Friday, May 6, 2011

Six Feet Under - Warpath (1997)

While in no way, shape or form could I consider Haunted a success, or a 'good' album, it at least had that nudge in its favor of Obituary-styled riffing and a blunt and angry Barnes. It was a control group, from which quality material might have sprung had the members of Six Feet Under been able to place two and two together, writing towards catchier vocal lines and more intricate rhythm guitars. Alas, Warpath would put an end to such possibility, a hideous slab of sun 'baked' excrement that does nothing to further their case. This is but a vapid array of re-arranged Obituary rhythms shat forth alongside some of the most effortless rock riffs I've ever beheld, an astounding failure of pedestrian LCD lyrics and worthless music, proving once and for all where all the talent went after Barnes split with Corpse.

Pathetic in all ways, the straggling audience members are subject to boring ass political lyrics which show not even the strength of the first thrash bands in the 80s to adopt its positions. I've always found it unusual when a band alternates lyrics about serial murder with flexing their first amendment rights, which is precisely what Chris Barnes is doing here. Just read the chorus of "Manipulation" and revel in his wondrous chorus ability: Don't speak to me about freedom, don't speak to me about being free (and refrain). Are you fucking kidding me? You probably could have improved something better than that. Then, of course, there is the mighty marijuana hymn "4:20", Six Feet Under taking up the bandwagon alongside the other amusing pothead manifestos of the 90s like Cypress Hill. Sadly enough, this is the most poetic of the lot, though the music and vocals suck, Barnes adopting a more emotional canter to abominable that you wonder how he got through it without breaking into laughter. In addition, there are a number of tracks in which he issues a raspier vocal tone which is unintentionally hilarious.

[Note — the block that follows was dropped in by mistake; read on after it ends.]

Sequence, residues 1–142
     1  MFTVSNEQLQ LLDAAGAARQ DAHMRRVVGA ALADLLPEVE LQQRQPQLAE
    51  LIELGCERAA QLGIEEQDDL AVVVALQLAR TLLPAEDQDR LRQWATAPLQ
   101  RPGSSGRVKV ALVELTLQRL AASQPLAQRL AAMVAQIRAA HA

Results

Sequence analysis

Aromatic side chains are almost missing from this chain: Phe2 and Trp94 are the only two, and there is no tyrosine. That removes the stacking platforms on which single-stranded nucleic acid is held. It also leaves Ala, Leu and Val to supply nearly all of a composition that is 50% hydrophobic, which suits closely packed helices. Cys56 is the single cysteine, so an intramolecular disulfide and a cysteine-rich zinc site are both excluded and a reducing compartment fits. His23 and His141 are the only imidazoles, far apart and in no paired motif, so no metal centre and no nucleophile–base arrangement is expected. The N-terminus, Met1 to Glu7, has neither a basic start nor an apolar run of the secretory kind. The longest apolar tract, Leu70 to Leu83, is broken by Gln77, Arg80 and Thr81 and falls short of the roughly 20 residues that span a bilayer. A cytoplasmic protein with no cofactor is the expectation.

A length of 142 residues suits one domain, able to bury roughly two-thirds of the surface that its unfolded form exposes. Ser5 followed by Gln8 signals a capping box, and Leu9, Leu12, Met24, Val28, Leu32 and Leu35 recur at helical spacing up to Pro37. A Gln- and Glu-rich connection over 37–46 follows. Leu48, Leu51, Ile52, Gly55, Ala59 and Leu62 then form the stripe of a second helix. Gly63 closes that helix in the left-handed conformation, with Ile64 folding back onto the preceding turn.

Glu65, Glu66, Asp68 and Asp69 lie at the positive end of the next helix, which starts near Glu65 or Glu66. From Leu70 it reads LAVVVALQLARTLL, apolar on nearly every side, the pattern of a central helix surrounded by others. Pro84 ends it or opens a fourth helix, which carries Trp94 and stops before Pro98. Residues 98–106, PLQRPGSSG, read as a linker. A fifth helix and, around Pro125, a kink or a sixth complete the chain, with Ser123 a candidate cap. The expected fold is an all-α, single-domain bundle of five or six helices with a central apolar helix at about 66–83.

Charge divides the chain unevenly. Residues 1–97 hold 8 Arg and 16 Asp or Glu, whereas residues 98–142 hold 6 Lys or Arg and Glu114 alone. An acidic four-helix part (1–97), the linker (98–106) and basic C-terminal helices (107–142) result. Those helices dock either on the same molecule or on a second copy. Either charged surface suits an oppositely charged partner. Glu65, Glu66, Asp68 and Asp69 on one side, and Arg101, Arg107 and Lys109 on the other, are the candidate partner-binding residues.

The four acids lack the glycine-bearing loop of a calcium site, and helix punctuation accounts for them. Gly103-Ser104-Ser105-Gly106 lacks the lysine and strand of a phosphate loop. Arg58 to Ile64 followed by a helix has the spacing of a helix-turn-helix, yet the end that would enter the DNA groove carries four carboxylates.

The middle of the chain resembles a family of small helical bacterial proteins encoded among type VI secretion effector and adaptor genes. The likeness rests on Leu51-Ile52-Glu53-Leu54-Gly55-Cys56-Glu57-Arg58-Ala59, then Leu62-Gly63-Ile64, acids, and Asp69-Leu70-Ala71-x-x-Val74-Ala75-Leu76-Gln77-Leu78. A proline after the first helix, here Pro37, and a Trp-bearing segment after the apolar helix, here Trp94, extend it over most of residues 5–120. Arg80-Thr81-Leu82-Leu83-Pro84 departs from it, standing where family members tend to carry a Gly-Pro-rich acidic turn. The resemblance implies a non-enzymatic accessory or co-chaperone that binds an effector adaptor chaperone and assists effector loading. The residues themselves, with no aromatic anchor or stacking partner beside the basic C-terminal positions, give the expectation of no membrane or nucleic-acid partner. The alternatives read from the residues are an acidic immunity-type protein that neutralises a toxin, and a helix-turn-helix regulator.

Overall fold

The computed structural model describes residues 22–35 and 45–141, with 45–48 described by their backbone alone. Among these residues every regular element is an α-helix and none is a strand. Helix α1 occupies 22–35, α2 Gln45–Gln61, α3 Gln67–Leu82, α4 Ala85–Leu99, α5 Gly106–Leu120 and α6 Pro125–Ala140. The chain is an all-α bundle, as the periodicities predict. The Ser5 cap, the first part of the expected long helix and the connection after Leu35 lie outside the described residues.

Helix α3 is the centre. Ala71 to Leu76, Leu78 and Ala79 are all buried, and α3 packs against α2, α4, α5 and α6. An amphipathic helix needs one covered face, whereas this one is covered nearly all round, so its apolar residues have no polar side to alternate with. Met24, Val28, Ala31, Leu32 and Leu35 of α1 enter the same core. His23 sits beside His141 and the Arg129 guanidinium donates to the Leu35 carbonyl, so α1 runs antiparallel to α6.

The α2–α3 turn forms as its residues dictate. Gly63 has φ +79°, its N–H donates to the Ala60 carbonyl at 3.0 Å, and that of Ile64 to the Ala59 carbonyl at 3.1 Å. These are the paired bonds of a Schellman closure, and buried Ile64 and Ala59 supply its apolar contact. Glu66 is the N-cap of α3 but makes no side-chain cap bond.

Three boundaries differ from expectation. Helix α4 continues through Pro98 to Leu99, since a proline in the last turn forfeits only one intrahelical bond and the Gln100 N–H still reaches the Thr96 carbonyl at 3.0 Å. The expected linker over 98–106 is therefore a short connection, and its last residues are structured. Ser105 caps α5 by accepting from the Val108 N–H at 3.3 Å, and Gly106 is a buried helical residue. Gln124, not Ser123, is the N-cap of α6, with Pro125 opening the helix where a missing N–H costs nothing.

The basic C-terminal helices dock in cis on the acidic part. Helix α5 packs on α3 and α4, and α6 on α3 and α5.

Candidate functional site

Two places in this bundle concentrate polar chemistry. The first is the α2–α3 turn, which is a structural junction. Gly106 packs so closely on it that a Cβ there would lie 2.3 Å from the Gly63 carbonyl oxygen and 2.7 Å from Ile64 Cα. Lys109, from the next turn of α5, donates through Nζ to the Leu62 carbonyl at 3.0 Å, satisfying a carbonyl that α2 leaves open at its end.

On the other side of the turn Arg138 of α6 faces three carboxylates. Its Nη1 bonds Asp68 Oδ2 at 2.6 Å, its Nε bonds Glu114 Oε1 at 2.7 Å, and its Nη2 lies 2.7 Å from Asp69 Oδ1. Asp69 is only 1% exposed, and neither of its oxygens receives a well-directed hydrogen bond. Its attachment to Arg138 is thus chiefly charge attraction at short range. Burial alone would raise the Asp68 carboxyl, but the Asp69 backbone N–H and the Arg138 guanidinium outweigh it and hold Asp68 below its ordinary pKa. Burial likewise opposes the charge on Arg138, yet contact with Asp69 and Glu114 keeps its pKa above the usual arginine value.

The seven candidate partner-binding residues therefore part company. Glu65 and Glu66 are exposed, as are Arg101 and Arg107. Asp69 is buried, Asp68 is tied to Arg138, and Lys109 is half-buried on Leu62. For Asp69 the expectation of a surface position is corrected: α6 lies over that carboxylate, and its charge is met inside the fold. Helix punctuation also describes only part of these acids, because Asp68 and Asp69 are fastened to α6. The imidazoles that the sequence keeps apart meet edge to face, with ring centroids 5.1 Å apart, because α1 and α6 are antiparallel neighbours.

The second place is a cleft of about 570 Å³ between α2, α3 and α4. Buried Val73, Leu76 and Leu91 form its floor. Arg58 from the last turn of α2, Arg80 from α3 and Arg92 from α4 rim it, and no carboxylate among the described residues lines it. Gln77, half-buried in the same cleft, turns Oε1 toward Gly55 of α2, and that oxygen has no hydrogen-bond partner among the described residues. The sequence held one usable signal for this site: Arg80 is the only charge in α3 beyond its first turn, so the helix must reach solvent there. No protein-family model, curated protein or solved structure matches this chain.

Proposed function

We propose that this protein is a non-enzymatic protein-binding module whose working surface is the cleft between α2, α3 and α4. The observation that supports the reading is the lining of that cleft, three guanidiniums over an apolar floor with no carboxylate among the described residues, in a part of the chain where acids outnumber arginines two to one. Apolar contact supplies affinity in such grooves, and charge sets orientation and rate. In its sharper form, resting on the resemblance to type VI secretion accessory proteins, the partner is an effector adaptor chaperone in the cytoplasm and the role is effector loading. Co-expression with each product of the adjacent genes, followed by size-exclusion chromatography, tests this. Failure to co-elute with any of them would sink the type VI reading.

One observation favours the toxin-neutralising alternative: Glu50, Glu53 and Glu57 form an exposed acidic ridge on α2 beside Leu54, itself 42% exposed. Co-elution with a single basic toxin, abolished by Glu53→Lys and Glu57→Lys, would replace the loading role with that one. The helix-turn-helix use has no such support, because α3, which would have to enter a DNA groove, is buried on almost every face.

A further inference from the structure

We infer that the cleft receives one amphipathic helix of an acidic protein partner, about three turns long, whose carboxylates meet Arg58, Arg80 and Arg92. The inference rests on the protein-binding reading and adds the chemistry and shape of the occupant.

At its very best, which is to say almost NEVER, Warpath sounds exactly like a derivative of World Demise or Back from the Dead sans the good vocals. Where Obituary were steering to a more hardcore/groove influence, SFU (which also might serve as an acronym for SHUT THE FUCK UP) were inserting straight rock & roll ("4:20" or the punky "Revenge of the Zombie") beyond the drumming. About the only remotely acceptable song is "Death or Glory", but that's a Holocaust cover from The Nightcomers (1981), and adding Barnes bludgeoning drawl does nothing for it, much like his mediocre rendition of "Grinder" on the Alive and Dead EP. The mix is not a lot different than Haunted, but manages to render the material even more boring. It's true that a few tunes like "War is Coming" and "Animal Instinct" fall short of offensive, but Allen West had already done these riffs far better in his other band. Coincidentally, this is his last studio effort with the project. Who could blame him? After suffering through Warpath, all of us.

Verdict: Fail [2.5/10]
(I should just puncture my ears)

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